In my business, many of my clients are traditionally published. Big 5 even. They hire me to do their social media and book marketing because no publisher does that for them. It’s on you, writer friends. Start early, share often. Learn author branding (we brand the author, not the book).

You don’t need to hire someone to do this marketing stuff for you. You learned how to write. You can learn how to market.

The other big secret I’ll share with you is this: book marketing isn’t about spamming your book links with everybody (that’s desperation). It’s about building relationships with readers early on.

I do a free weekly chat on my @BadRedheadMedia business Twitter, #BookMarketingChat, every Wednesday, 6 pm pst, 9 pm est. Every week for the last 4 years, I share my time and/or recruit an expert in publishing and marketing to share their expertise with you, the writing community.

Invariably, someone says, “Yea, I should do that,” or “I’ll give that a try.”

“Do or do not. There is no try.” ~ Yoda

Writing is great. Publishing is a business. Treat it like one.

Connect with Rachel on her personal site at RachelintheOC.com or on her business site at BadRedheadMedia.com, Twitter at @RachelintheOC or @BadRedheadMedia, Instagram, Facebook, and join her free weekly #SexAbuseChat on Twitter every Tuesday 6pm pst/9pm est or #BookMarketingChat on Twitter every Wednesday 6 pm pst/9 pm est (just use the hashtag to join).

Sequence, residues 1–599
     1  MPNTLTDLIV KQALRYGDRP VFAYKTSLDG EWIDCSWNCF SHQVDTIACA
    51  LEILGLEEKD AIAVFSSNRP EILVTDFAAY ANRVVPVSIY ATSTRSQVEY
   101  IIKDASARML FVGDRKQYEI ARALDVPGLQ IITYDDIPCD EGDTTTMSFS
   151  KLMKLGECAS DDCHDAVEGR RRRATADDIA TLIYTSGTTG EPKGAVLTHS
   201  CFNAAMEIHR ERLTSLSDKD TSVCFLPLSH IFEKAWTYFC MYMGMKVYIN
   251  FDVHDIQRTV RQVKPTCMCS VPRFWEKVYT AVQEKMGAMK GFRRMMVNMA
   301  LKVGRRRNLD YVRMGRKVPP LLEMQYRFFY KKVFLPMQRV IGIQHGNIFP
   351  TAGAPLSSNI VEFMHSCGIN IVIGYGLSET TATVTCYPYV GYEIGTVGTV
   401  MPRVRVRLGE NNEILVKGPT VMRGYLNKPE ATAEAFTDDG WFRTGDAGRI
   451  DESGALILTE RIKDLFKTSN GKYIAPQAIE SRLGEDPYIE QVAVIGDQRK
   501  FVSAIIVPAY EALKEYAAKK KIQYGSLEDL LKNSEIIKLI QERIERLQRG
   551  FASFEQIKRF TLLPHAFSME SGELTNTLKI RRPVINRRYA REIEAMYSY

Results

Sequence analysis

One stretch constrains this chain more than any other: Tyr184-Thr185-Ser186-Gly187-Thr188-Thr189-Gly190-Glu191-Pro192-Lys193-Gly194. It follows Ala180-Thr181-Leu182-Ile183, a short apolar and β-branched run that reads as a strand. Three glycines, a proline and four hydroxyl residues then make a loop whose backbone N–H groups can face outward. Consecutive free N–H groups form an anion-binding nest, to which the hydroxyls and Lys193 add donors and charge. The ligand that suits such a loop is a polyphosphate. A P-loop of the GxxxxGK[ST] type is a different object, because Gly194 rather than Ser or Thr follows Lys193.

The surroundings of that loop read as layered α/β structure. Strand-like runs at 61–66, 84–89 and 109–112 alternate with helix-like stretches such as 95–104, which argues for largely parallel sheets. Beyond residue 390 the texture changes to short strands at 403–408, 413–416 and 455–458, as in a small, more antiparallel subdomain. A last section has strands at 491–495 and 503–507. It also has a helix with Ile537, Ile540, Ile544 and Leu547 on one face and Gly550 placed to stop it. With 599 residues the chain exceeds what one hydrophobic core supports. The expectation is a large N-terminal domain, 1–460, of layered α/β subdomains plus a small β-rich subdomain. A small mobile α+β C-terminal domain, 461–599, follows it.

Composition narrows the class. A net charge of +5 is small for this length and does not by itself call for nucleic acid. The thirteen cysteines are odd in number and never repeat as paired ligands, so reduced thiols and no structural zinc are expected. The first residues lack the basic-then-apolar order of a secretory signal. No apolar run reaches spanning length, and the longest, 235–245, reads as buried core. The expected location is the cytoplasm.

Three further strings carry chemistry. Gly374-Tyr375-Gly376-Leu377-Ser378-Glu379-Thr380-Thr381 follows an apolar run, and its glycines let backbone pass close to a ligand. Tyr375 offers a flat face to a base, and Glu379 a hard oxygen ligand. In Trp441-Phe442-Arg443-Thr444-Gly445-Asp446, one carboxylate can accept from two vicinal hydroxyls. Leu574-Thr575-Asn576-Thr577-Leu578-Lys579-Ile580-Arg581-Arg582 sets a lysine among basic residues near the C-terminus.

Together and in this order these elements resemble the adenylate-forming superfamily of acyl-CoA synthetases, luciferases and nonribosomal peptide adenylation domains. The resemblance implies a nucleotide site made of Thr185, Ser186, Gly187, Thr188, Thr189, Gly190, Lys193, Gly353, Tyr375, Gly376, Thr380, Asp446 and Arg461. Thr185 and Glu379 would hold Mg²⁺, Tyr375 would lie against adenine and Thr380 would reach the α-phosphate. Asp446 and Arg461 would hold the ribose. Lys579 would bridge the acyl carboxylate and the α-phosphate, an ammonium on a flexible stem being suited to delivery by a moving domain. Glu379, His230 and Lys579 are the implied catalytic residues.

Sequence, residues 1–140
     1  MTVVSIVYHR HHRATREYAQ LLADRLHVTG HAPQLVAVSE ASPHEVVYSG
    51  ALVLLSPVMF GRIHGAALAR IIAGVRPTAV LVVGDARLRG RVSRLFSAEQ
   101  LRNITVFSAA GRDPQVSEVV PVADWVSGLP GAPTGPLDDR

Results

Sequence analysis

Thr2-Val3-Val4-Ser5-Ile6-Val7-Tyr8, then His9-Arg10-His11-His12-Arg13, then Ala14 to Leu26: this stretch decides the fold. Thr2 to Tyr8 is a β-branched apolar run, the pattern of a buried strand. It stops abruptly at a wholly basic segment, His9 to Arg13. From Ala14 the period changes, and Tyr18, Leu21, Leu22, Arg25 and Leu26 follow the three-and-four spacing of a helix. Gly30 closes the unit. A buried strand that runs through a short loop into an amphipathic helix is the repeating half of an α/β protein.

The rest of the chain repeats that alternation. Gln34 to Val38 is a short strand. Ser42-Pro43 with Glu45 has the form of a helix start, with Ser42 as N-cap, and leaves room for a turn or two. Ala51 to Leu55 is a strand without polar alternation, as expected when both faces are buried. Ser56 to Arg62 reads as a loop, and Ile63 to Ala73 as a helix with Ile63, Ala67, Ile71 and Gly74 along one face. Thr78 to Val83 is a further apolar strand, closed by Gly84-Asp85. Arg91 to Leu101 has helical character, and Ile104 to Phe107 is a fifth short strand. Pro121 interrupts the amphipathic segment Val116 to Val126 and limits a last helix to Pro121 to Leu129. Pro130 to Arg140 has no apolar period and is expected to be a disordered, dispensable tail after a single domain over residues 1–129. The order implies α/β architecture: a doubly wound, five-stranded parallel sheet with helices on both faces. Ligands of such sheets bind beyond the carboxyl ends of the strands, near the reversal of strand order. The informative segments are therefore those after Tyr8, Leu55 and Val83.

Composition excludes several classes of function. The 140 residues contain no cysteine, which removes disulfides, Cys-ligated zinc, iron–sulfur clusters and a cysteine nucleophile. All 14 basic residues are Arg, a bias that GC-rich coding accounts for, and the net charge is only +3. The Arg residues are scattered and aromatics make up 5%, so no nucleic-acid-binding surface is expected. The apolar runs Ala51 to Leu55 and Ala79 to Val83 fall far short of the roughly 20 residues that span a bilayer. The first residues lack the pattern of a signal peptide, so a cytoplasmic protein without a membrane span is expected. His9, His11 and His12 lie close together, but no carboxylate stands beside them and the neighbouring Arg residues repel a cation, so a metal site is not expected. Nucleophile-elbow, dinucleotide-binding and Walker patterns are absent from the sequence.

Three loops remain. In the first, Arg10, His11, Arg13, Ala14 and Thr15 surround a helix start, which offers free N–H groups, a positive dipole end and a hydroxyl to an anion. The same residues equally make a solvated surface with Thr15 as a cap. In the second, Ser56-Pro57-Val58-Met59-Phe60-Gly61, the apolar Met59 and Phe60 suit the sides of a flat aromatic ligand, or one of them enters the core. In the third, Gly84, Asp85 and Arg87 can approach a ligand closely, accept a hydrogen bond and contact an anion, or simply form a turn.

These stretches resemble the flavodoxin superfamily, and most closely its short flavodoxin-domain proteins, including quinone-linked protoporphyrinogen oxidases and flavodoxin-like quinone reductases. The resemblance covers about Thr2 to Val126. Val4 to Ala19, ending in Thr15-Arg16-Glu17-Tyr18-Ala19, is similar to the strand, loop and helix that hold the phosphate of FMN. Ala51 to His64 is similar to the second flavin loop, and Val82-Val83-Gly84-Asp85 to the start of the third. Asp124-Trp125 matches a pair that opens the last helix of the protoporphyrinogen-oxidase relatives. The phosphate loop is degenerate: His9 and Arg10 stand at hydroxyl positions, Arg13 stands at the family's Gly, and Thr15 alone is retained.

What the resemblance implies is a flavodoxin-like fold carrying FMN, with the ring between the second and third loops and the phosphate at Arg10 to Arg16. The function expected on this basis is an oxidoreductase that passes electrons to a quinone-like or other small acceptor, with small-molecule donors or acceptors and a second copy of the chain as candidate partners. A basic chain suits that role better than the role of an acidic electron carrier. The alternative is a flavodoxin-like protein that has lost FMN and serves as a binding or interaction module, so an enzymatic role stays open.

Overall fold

Want an insider peek at her writing and other marketing projects? Join her street team!

The Every Day Novelist

An Experiment in Reading + Writing

Rachel Thompson

Written by

Author, 6 books. Writer: The Every Day Novelist, P.S. I Love You, Athena Talks, The Writing Coop. Assault survivor/advocate. Marketer http://BadRedheadMedia.com

The Every Day Novelist

An Experiment in Reading + Writing

Welcome to a place where words matter. On Medium, smart voices and original ideas take center stage - with no ads in sight. Watch
Follow all the topics you care about, and we’ll deliver the best stories for you to your homepage and inbox. Explore
Get unlimited access to the best stories on Medium — and support writers while you’re at it. Just $5/month. Upgrade